Boehner hopes to avoid GOP Senate fate on payroll taxes

House Speaker John Boehner (R-Ohio) said Friday he hopes to avoid the kind of mass intra-party resistance that Senate GOP leaders saw on Thursday when they brought their proposal to extend the payroll tax cut up for a vote.

Boehner and other House leaders are presenting plans for paying for the payroll tax extension and an extension of unemployment insurance benefits Friday morning, less than a day after a majority of Senate Republicans voted against their leadership’s own payroll tax plan.

The Speaker declined to give details of the House GOP plan at a news conference before the closed-door meeting. Asked if he expected to see similar resistance from House Republicans as the Senate GOP showed, Boehner replied: “I would hope not.”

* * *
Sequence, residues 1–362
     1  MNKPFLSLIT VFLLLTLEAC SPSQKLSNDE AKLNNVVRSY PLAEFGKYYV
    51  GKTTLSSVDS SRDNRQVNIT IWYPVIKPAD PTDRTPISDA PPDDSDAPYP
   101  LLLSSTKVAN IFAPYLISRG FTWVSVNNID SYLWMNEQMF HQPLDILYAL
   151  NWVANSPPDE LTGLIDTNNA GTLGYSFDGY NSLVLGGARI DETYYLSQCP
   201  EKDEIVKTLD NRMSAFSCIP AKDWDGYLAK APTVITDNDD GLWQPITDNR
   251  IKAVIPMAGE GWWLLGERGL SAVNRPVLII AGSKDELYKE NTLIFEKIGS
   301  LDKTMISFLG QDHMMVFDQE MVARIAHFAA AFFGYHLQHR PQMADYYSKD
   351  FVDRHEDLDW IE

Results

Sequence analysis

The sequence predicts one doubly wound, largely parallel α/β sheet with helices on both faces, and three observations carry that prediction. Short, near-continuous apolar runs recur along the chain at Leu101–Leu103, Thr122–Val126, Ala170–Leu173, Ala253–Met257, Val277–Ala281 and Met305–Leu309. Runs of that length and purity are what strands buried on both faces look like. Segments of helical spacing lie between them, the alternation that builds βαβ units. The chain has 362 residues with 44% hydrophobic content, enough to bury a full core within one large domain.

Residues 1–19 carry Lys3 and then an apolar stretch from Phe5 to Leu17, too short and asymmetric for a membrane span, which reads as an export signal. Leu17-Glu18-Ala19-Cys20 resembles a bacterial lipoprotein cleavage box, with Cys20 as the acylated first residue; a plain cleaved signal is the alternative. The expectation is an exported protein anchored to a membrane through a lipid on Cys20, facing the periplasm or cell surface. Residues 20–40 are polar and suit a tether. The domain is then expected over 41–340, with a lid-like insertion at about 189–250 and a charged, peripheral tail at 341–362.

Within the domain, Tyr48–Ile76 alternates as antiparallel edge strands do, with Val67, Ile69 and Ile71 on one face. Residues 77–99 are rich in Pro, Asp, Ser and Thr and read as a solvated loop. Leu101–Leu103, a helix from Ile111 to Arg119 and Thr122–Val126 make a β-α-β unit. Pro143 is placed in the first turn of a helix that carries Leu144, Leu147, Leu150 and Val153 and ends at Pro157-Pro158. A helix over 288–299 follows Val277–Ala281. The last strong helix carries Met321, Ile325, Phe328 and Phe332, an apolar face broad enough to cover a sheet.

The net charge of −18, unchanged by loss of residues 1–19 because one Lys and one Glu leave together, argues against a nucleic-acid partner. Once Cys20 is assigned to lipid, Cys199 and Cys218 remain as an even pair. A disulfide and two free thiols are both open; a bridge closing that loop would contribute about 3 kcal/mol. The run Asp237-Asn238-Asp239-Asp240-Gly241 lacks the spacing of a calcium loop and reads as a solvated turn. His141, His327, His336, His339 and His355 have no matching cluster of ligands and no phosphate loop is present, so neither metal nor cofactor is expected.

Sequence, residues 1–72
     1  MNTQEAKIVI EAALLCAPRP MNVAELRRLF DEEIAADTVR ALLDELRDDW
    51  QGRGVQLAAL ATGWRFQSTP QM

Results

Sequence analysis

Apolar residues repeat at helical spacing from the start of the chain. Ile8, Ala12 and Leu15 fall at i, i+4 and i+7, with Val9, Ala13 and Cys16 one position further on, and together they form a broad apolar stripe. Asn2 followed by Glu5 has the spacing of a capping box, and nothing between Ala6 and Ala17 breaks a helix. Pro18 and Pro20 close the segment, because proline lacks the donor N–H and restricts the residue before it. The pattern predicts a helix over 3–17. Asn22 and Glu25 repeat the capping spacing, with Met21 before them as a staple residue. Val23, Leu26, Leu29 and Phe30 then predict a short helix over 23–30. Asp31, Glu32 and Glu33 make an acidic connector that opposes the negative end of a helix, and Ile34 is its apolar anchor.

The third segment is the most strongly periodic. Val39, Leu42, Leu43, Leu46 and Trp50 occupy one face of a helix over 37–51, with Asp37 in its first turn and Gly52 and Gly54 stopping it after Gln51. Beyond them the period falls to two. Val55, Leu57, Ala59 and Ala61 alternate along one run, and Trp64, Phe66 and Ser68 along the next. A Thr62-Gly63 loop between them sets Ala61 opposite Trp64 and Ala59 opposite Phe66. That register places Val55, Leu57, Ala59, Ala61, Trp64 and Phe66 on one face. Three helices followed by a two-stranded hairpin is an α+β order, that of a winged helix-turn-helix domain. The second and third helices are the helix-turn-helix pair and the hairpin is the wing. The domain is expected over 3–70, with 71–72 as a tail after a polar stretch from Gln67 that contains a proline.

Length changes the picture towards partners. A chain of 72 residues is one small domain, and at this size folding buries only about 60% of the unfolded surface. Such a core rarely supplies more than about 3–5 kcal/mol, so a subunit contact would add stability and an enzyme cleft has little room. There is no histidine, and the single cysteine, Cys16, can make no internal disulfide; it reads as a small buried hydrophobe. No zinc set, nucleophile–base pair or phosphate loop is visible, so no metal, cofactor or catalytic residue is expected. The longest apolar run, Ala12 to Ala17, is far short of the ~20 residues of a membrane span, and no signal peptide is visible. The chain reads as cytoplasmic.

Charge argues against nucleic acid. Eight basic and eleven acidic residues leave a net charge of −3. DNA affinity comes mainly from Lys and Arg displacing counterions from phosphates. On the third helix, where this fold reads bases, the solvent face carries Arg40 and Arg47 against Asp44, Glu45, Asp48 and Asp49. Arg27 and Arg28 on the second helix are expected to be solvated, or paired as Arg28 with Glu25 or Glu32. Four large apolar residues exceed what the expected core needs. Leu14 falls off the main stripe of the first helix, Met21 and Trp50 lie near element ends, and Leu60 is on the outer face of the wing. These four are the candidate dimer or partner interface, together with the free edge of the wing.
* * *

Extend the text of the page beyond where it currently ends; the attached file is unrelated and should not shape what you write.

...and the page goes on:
In the Senate vote, 26 Republicans voted against the GOP plan, while 20 voted for it. A rival Democratic plan, which would pay for the payroll tax cut extension with higher taxes on the wealthy, fell short of the 60-vote threshold, 51-49.

Senate GOP leaders proposed to pay for prolonging the payroll holiday by extending a federal pay freeze, cutting the government workforce and trimming certain federal benefits for the wealthy.

Already, a number of House Republicans have voiced skepticism on extending the payroll tax cut, a key elements of President Obama’s jobs plan.